In February 2005, in Sofia (Bulgaria) Central and South-Eastern governments signed an initiative under the name “Decade of Roma Inclusion 2005-2015” in which were set various goals aimed to improve the socio-economic status of the Roma population within Europe. Half way into the Roma Decade, I went to Sofia were was to began this new era of tolerance and acceptance.
Bulgaria is the European country with the highest percentage of Roma population which stands to 5%. Despite this numbers, I found that the Roma population is hardly visible outside Roma ghettos in the country. Most Roma live separately from the rest of the Bulgarians. Schools are segregated, health clinics are not easily accessed, unemployment is rife. Most Roma even if are born in the country do not even possess a permit to stay which would entitle them to same rights as those enjoyed by Bulgarians. Fakulteta Mahala, the largest Roma ghetto of Sofia does not have regular waste collection, road management, adequate and safe electricity and housing. There is instead a world quite apart from the rest of the city, one in which ordinary Bulgarians do not enter, but fear and discriminate.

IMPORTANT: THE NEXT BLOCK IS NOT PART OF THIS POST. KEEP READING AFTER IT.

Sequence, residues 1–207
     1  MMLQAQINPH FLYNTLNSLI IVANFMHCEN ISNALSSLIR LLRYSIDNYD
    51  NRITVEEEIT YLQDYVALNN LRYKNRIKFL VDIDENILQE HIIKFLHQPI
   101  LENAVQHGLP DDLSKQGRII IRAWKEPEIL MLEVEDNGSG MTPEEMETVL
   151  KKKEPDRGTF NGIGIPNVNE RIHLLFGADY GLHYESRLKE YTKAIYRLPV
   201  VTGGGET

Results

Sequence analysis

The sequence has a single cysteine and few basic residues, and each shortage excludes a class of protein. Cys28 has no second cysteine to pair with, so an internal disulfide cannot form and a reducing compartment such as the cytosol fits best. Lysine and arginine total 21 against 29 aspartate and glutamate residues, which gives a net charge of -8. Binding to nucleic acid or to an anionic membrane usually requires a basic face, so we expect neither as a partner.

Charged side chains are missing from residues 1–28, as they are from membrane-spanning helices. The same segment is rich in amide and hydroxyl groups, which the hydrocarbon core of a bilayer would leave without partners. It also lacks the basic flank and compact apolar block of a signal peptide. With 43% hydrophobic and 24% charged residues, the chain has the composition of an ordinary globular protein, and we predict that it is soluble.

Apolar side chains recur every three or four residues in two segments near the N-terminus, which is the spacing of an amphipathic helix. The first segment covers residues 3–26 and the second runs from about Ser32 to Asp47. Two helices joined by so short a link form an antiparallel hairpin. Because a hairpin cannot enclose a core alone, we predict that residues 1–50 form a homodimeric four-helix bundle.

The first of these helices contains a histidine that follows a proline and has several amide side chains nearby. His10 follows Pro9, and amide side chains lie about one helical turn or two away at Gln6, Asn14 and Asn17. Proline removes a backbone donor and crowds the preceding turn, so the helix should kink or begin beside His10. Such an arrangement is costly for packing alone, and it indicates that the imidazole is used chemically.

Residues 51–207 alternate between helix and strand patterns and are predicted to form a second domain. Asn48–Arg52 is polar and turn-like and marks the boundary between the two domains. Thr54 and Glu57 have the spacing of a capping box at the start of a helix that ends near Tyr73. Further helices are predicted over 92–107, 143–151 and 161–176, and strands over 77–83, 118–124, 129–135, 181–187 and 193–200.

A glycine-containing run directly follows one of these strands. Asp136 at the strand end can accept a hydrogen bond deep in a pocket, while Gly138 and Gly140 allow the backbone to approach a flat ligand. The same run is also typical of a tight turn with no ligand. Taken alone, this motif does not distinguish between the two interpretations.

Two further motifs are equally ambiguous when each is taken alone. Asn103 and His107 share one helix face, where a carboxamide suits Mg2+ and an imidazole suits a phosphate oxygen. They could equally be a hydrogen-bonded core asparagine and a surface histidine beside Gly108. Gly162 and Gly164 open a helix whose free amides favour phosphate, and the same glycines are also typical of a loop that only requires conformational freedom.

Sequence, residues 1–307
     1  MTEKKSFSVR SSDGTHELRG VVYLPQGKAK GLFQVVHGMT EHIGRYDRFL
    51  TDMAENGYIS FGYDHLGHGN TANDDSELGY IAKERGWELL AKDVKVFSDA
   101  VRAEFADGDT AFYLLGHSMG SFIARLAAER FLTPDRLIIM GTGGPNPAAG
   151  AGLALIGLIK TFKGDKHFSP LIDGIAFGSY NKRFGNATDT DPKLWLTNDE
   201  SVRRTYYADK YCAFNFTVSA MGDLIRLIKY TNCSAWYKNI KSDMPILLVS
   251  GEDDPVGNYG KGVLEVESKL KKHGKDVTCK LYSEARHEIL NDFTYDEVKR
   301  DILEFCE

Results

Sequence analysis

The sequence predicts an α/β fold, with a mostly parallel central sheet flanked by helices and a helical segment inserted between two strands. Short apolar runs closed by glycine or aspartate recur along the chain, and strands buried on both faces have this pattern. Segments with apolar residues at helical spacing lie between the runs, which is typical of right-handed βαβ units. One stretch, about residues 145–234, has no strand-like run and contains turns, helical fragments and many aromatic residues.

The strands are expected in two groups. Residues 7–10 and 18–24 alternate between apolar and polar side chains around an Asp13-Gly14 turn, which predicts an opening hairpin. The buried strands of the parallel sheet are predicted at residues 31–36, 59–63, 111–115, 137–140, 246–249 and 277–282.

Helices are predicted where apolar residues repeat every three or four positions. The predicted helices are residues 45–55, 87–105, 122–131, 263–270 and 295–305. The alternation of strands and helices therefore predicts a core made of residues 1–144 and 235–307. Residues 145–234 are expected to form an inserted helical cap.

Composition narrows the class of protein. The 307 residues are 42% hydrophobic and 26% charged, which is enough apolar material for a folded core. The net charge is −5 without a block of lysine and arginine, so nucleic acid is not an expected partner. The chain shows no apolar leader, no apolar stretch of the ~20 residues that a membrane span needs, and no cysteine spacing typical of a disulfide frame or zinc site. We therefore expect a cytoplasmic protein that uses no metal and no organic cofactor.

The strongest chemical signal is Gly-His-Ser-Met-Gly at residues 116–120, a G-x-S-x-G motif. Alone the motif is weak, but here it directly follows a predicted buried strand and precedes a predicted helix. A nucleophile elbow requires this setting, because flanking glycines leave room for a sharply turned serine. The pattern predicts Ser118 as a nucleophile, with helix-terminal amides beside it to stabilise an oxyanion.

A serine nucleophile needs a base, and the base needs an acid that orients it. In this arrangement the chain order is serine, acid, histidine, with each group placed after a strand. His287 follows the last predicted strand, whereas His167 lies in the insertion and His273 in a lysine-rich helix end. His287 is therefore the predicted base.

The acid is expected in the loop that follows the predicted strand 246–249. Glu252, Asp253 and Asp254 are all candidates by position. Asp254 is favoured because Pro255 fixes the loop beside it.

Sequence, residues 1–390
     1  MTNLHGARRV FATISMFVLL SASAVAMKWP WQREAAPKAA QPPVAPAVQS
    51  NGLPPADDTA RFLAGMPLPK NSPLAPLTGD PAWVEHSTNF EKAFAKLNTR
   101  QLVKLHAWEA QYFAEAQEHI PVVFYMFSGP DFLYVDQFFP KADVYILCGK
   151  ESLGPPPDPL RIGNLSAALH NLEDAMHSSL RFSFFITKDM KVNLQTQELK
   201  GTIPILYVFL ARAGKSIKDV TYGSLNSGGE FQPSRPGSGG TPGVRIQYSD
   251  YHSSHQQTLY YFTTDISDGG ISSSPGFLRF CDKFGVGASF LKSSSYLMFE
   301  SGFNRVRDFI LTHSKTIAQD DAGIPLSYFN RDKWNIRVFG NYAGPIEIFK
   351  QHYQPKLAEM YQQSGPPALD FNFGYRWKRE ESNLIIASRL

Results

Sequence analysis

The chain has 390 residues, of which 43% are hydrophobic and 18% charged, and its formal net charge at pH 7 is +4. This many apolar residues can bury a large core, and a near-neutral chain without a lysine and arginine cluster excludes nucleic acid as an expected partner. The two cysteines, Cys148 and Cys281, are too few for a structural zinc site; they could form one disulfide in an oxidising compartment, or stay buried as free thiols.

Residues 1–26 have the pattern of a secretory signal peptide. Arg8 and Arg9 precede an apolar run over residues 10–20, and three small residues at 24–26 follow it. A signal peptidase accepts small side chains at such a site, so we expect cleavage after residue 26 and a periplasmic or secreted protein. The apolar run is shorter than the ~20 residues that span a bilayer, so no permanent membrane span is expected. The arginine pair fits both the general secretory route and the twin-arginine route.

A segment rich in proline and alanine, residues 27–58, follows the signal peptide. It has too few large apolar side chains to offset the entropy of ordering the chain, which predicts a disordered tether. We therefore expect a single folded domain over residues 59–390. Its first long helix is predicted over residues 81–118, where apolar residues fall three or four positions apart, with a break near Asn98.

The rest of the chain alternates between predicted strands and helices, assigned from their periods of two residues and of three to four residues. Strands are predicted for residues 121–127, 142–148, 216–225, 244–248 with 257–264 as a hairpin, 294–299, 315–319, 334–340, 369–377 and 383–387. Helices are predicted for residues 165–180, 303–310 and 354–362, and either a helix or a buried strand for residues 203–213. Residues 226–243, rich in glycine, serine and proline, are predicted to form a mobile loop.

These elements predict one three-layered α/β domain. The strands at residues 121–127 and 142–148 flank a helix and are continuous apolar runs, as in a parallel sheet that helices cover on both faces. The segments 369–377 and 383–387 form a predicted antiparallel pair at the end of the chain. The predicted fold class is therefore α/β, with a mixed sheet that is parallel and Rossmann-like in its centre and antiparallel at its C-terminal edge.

The reality is that for most Roma, improvements have hardly reached them. Entering any of the ghettos like Fakulteta Mahala in Europe you can hardly think of being in Europe.